0

I guess that is what you might call a turn up for the books, as the US Department of Homeland Security announces the 16 members which have been sworn in to serve on the Homeland Security Advisory Council. Especially when you consider that one of them, Jeff Moss, is best known for being the founder of the Black Hat and DEFCON hacker conferences and something of a hero to the hacker community. At DEFCON there is even a 'spot the fed' competition where prizes are awarded for those who can pick out undercover FBI agents in the crowd.

The official announcement explains that Moss has "also worked for Ernst & Young, LLP in their Information System Security division" but fails to add that he used to be known as Dark Tangent to the hacking community. Not that I think this is a bad thing, indeed as DHS Secretary Janet Napolitano said while congratulating the 16 members: "the unique insights and expertise of this diverse council will be a valuable resource." With increasing concerns over cybersecurity issues, it makes sense to have someone with a grasp of the dark side as it were and I am sure that Moss will give valuable advice to Napolitano in this regard. I'm also sure that there will be a few raised eyebrows amongst the likes of

HSAC chairman, and former CIA and FBI Director, Judge William Webster, or New York Police Commissioner Raymond Kelly for example. Moss has said that he thinks a skeptical outsider viewpoint has been missing from the council, and that he can provide it.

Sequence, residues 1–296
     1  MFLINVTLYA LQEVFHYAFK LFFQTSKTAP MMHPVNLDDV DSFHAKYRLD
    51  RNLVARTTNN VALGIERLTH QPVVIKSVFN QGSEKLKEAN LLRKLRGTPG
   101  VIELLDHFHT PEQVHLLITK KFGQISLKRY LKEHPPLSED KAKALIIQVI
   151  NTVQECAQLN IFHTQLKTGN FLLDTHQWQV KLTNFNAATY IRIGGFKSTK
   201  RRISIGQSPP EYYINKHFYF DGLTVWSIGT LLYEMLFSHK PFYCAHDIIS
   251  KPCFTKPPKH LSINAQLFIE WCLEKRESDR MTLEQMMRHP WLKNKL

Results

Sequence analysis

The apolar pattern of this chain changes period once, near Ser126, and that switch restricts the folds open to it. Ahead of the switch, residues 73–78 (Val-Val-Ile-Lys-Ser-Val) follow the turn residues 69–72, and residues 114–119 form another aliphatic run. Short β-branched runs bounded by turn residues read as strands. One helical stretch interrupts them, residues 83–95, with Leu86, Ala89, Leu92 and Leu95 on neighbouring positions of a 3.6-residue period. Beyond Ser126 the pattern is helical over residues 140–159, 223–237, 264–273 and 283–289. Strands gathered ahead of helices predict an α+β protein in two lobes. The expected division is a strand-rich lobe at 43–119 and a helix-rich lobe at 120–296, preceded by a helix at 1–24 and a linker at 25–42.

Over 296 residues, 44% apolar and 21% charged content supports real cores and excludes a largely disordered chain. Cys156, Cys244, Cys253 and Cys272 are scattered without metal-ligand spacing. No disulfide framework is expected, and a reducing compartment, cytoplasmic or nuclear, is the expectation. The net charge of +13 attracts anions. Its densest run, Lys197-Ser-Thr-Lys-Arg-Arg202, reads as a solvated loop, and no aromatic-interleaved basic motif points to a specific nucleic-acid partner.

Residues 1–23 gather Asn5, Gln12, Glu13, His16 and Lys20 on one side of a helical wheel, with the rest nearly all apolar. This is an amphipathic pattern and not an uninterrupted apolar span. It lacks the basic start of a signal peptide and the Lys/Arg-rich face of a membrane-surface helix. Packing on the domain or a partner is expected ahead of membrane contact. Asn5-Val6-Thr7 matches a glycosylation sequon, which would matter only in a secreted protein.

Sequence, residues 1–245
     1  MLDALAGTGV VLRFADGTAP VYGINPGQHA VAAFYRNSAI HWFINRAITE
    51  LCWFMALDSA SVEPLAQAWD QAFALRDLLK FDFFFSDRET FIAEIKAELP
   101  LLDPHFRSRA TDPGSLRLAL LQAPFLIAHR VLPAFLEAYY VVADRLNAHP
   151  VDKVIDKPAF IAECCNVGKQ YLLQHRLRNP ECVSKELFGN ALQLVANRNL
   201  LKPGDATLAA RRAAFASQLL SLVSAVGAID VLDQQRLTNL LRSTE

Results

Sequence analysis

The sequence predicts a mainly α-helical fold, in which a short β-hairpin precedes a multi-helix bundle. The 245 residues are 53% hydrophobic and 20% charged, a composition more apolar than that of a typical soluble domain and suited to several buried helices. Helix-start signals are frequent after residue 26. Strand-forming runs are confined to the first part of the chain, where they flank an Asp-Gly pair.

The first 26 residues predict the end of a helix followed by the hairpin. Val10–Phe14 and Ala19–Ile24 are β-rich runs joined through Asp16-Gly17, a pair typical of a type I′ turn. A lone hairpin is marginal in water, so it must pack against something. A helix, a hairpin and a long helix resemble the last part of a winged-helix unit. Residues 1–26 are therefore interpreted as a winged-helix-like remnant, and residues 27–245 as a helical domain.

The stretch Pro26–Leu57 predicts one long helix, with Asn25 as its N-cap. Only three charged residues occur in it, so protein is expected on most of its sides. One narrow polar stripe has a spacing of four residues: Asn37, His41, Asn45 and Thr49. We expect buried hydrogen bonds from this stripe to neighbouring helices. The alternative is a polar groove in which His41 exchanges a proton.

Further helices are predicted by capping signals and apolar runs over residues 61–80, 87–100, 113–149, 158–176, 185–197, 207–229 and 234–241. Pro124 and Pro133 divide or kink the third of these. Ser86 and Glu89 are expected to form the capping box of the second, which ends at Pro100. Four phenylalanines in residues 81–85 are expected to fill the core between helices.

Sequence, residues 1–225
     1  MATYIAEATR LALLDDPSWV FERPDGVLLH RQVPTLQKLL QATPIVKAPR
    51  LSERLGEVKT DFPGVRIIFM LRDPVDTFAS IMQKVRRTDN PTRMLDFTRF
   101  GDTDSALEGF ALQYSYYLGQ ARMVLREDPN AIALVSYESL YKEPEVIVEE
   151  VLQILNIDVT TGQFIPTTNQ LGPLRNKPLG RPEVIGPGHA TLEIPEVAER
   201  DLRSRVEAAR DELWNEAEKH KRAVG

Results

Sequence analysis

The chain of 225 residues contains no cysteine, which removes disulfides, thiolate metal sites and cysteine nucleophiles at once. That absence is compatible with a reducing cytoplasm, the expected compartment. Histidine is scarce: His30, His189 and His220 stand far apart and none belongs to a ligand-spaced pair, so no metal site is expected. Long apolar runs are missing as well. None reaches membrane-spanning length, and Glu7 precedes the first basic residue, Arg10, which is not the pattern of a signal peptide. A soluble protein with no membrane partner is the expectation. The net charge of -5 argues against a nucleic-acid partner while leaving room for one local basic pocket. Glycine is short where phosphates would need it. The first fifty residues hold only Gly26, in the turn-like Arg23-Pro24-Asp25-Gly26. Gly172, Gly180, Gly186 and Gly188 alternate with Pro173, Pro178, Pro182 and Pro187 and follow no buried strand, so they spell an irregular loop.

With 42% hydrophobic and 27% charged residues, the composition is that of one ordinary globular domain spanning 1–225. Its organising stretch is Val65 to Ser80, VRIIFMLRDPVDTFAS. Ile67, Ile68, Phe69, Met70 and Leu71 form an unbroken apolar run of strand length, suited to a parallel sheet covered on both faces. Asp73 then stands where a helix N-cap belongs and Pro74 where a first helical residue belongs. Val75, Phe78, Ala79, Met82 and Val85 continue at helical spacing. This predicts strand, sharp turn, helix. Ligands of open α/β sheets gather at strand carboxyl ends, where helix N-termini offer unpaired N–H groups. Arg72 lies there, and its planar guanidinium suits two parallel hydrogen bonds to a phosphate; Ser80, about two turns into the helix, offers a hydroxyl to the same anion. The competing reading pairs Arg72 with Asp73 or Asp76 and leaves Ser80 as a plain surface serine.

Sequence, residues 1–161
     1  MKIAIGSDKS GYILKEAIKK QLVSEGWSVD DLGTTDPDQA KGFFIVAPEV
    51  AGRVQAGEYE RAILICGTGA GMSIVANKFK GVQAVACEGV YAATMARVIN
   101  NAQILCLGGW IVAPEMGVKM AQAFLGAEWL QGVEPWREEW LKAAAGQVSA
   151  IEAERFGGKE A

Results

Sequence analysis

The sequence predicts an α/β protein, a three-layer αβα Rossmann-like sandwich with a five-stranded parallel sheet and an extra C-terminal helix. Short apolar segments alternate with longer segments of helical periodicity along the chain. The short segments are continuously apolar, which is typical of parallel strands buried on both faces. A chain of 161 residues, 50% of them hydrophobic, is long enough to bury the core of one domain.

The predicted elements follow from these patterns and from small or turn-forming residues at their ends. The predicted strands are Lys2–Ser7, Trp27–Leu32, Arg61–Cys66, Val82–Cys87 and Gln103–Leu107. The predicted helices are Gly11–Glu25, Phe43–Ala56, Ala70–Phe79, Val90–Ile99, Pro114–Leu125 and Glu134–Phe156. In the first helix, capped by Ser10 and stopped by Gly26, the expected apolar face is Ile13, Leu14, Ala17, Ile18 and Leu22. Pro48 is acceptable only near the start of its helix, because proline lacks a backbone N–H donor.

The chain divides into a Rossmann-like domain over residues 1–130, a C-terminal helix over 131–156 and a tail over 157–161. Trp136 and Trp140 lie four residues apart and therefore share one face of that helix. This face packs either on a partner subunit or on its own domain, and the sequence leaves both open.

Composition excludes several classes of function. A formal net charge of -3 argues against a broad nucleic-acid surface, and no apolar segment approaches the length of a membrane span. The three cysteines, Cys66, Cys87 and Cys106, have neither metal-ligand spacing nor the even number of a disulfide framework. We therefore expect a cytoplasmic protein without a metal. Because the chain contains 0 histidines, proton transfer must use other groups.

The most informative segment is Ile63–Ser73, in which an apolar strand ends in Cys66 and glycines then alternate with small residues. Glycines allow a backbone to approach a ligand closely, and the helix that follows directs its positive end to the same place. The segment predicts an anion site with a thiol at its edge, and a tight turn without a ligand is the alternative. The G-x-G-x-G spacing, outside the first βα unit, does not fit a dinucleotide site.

As Editorial Director and Managing Analyst with IT Security Thing I am putting more than two decades of consulting experience into providing opinionated insight regarding the security threat landscape for IT security professionals. As an Editorial Fellow with Dennis Publishing, I bring more than two decades of writing experience across the technology industry into publications such as Alphr, IT Pro and (in good old fashioned print) PC Pro. I also write for SC Magazine UK and Infosecurity, as well as The Times and Sunday Times newspapers. Along the way I have been honoured with a Technology Journalist of the Year award, and three Information Security Journalist of the Year awards. Most humbling, though, was the Enigma Award for 'lifetime contribution to IT security journalism' bestowed on me in 2011.

1
Contributor
0
Replies
1
Views
Have something to contribute to this discussion? Please be thoughtful, detailed and courteous, and be sure to adhere to our posting rules.